When James Dean said, "Live fast, die young, leave a beautiful corpse" in the 1950s, Americans were much thinner and fast food was a new invention. Today Americans are simply too chubby to live as fast as the lean 1950s idol. Instead they eat fast food, die younger than they should and leave increasingly obese corpses.
Along with smoking, substance abuse and inactivity, fast food presents one of the greatest public-interest health threats to Americans today. Fast food is almost universally dangerous and should probably carry a warning from the surgeon general. It contains meat-based carcinogens, is high in total calories and saturated fat and is a principal source of trans fat.
North Americans are always looking to shave a few seconds off everything–even eating. Fast food is a $103-billion industry and more than 25,000 new fast-food restaurants opened between 1996 and 1998. In a country obsessed with immediate gratification and conspicuous consumption, what could be more seductive than the capacity to consume excessively at a moment’s notice? The dominance of the fast-food culture makes it possible to have almost continual, unhealthy moveable feasts–daily.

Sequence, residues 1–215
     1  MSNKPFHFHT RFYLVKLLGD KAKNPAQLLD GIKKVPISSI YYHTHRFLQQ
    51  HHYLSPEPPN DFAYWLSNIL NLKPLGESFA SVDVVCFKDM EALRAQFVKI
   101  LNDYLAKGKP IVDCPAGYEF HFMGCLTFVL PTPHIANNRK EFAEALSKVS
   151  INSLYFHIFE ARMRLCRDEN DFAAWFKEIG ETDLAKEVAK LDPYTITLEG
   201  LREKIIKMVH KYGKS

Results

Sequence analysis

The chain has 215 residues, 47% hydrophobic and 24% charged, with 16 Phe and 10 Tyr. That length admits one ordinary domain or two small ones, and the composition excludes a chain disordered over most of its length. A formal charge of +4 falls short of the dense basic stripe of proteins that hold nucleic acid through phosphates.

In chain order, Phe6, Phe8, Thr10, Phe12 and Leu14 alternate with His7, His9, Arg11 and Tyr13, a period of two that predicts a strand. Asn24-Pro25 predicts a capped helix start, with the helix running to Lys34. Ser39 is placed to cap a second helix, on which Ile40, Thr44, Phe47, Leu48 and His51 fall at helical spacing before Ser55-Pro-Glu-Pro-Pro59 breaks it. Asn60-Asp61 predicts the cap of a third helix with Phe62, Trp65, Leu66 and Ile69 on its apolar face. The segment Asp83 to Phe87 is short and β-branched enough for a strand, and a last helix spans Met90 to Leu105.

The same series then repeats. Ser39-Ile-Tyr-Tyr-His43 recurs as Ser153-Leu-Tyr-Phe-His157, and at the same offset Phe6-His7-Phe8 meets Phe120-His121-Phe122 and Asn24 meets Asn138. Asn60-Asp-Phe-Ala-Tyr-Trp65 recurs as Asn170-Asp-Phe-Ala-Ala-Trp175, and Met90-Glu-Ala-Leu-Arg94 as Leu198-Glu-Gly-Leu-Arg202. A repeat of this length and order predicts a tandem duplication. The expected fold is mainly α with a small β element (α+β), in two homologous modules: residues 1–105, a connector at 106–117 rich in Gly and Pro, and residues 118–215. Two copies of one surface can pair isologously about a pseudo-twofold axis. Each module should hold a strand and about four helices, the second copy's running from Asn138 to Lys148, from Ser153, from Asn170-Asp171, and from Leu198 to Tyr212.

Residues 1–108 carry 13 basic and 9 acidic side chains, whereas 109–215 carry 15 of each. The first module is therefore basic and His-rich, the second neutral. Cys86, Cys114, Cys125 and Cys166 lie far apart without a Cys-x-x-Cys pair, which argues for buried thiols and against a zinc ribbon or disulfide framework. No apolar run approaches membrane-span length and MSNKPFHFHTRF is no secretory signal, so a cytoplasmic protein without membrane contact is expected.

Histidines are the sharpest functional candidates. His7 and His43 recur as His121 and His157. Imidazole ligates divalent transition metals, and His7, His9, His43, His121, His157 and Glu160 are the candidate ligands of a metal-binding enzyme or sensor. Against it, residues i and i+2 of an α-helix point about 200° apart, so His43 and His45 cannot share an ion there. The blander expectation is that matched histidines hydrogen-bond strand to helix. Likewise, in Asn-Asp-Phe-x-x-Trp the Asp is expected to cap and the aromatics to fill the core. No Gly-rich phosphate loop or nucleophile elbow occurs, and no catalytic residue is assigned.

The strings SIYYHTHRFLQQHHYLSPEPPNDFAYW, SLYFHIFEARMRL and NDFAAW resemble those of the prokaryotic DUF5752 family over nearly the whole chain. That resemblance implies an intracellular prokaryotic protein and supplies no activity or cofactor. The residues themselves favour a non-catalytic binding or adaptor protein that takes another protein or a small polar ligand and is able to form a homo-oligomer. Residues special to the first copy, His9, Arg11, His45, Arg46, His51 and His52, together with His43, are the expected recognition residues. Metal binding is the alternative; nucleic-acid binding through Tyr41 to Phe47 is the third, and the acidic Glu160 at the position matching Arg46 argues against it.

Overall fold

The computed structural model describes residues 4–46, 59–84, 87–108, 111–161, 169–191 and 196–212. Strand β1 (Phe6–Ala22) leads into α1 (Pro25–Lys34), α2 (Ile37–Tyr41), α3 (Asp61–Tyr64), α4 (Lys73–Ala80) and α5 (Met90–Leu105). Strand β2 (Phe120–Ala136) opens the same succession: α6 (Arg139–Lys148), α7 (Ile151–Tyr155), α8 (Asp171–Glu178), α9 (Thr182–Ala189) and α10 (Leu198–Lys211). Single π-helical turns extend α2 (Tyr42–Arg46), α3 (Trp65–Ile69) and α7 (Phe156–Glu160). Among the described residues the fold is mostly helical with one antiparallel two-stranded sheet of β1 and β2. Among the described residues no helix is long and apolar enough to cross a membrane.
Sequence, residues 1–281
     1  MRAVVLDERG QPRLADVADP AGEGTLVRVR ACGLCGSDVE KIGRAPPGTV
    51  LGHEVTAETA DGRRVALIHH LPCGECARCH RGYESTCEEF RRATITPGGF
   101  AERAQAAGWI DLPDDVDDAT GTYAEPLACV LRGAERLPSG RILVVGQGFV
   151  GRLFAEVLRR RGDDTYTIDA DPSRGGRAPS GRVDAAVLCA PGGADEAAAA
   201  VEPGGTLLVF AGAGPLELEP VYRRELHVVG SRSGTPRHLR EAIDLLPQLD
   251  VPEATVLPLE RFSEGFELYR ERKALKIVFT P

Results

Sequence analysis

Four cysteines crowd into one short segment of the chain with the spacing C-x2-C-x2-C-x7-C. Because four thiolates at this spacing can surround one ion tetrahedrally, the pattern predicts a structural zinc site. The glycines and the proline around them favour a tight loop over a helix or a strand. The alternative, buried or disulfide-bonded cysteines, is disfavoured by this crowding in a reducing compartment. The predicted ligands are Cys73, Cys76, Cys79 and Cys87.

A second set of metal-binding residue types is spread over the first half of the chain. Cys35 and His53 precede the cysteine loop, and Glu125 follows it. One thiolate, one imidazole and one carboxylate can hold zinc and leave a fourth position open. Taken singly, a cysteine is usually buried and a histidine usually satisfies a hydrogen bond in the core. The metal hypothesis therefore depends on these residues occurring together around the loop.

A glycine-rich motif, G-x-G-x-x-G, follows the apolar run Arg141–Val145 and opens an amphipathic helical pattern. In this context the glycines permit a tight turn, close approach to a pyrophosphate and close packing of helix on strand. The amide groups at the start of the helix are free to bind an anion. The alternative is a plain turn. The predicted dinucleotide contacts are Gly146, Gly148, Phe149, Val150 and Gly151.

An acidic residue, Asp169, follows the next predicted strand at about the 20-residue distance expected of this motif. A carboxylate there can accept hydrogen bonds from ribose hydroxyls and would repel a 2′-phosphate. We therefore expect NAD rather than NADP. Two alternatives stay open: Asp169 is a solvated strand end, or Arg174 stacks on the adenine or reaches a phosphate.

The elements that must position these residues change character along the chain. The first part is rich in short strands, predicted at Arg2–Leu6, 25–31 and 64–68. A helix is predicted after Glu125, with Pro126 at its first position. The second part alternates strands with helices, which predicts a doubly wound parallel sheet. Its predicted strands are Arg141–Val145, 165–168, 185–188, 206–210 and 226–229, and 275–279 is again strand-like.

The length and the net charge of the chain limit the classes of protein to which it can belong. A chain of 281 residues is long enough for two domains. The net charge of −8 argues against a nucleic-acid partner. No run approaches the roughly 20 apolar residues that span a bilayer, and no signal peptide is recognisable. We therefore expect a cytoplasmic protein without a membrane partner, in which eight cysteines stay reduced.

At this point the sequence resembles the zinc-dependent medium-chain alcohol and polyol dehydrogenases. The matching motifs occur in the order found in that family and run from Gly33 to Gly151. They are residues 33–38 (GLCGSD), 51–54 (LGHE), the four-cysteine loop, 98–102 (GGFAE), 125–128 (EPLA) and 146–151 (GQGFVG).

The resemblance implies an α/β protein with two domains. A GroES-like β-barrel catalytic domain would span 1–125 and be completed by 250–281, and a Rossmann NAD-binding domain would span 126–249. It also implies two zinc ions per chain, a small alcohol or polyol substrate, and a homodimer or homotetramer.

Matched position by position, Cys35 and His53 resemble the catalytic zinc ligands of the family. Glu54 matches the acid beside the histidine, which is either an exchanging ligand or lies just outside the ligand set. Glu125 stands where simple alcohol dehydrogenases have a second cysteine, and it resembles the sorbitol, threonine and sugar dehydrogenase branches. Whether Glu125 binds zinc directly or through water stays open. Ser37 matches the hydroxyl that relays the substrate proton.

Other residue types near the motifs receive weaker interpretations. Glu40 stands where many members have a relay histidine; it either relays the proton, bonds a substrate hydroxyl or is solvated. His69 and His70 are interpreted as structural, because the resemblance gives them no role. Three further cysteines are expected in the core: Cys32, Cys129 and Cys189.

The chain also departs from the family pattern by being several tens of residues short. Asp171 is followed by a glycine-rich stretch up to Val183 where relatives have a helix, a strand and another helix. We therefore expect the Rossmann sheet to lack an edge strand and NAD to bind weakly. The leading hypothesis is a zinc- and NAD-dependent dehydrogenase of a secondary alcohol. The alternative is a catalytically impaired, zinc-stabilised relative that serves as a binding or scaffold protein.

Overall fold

Not only is the food dangerous, but it promotes a lifestyle and culture that are also dangerous. Our lives are fast, frenetic and commercial. Food should be our sanctuary from the madness, not part of it. It’s no accident that Dave Thomas, the happy CEO of Wendy’s who pushes the company’s burgers on TV, had a coronary bypass operation several years ago. As we can see on more recent commercials, he’s dropped a few pounds, but that hasn’t stopped him from hawking his products to the rest of us.
North American children are not eating well. Approximately 30 percent of them are obese, up more than 50 percent in the past 20 years. In general, children eat too much, and much of what they eat is unhealthy.
A study sponsored by the National Research Council and the Institute of Medicine revealed that despite poverty and poorer access to health care, immigrant children are actually healthier than their American-born counterparts, having fewer short- and long-term health problems. The researchers noted that immigrant children eat fewer processed foods and more fruits, grains and vegetables. Unfortunately, as time goes on, the immigrant children acquire the unhealthy eating habits of American-born children.
Most people know that fast food is not good for you, but many don’t realize how dangerous it really is. They probably know about the calories, saturated fat and maybe even the potential carcinogens in the beef. But maybe they think they can escape the worst of it by skipping the burger and having the Chicken McNuggets or the french fries. After all, fries are just potatoes cooked in vegetable oil, right? Unfortunately the fries may be worse than the burger. Why? Trans fats.
Fast Food And Trans Fats